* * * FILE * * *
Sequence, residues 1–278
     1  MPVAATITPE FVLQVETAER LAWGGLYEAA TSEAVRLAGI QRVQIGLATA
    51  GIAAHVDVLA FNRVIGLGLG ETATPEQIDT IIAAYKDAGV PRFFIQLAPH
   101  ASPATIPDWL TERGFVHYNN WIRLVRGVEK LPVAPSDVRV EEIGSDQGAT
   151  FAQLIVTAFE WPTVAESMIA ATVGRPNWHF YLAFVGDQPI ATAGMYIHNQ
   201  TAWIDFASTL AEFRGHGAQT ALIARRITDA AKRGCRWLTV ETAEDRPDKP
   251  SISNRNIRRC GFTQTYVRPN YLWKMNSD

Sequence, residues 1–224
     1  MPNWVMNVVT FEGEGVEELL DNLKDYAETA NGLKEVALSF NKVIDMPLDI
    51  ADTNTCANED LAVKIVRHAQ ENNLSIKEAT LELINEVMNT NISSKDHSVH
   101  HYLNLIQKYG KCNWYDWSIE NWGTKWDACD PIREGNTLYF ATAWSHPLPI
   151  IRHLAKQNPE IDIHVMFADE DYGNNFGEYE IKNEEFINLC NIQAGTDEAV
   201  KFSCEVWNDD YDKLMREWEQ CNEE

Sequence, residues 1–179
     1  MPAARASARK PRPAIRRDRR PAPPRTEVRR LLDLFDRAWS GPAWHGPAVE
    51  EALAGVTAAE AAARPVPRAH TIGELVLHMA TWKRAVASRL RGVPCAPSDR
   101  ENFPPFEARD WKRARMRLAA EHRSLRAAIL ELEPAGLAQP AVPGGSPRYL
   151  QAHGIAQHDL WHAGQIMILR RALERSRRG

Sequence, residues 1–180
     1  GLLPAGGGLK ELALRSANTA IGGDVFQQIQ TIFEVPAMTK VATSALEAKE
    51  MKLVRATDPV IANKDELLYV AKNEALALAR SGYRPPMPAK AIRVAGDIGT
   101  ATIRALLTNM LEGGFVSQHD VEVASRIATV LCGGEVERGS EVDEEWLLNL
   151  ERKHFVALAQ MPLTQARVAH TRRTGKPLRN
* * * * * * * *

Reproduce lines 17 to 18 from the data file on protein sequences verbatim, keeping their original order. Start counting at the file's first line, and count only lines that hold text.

   101  ENFPPFEARD WKRARMRLAA EHRSLRAAIL ELEPAGLAQP AVPGGSPRYL
   151  QAHGIAQHDL WHAGQIMILR RALERSRRG